Admittedly there is a gender gap with over 75% of women working part time – compared to only 27% of men. The reasons for this are historic – the Dutch remained neutral throughout WW1 and didn’t enter WW2 until its occupation in 1940 so there wasn’t the drain of men from the workforce that required women to take up jobs. Consequently women didn’t enter work in The Netherlands until much later than in Britain – sometime around the late 60s.

Households can afford run on either one full time income or two part-time incomes – an option many take. Even though it is more likely to be the man that works full time, 23% of fathers take “papadag” leave each week. “Papadag” literally translates as, “Daddy Day.” In the Netherlands all fathers are entitled to a weekday off EVERY WEEK to spend time with their children. Every week. Arguably it isn’t just the fact fathers are free to take a day to spend with their children that makes the difference – it’s the fact that it has been made a social norm. Fathers are expected to be active in their children’s lives.

children-dad

2. There’s more to life than academic achievement 

Children start school at 4 or 5 – but don’t start formal reading and writing until 7. Instead, in the first few years, schools focus entirely on social skills, gross and fine motor skills and learning through play. Homework isn’t common for children under the age of 10 – all the more time to be playing outside. Formal testing doesn’t take place until the age of 12 when they take the CITO tests the results of which are treated only as a suggestion to the sort of route a child might want to take next. Ultimately the decision as to what sort of secondary education they’ll pursue lies with the child and their parents.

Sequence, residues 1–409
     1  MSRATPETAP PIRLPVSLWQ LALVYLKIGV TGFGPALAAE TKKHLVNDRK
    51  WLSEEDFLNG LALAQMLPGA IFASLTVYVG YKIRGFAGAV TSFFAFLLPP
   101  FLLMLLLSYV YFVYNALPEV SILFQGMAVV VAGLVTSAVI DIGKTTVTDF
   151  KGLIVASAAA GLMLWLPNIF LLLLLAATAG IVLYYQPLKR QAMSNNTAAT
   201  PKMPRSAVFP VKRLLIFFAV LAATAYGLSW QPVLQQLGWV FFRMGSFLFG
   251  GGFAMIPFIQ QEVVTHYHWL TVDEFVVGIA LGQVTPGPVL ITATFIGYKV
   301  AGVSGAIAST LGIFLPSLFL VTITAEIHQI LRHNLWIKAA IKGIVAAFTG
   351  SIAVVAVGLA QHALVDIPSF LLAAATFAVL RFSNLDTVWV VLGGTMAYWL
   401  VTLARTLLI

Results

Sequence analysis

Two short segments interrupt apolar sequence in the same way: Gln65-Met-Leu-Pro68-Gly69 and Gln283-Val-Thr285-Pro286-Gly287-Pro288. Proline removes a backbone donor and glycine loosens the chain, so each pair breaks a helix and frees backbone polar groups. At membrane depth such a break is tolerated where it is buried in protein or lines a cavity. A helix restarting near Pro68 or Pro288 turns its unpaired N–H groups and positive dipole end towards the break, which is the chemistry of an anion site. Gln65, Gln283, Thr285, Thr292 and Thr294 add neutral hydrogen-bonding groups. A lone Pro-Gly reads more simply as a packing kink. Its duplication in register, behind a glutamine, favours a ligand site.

The main difference here is that academic achievement is not the be all and end all. Professor Volleburgh of Utrecht University sums it up quite nicely, “The Netherlands has a social culture, with open and safe relationships between parents and their children and the same applies to the relationships the children have with each other. The pressure to perform is not as high here.”

In the next few weeks I’m hoping to visit a few of the local schools to see what all this looks in practice – watch this space.

3. They’re Active

Wchildren-cyclehether it’s tearing around the Vondelpark on their bikes, or skating on one of the numerous outdoor ice rinks – Dutch children are very active. This is unsurprising as research by the British Heart Foundation found adults in the Netherlands to be some of the most active in Europe. The same research found that 80% of children in the Netherlands participate in more than two hours of vigorous exercise a week, compared to just 49% of British children. The main reason for this is that everybody cycles. It’s the easiest, cheapest and quickest way to travel and is incredibly safe. Secondly, children are outdoors all the time. Come rain or shine Dutch children are outside, swimming and playing – often unsupervised. Whilst family time is important to the Dutch, the children here are incredibly independent: primary school children cycle to school themselves and take themselves off to their friends’ houses in the evening. Not a helicopter parent or tiger Mum in sight.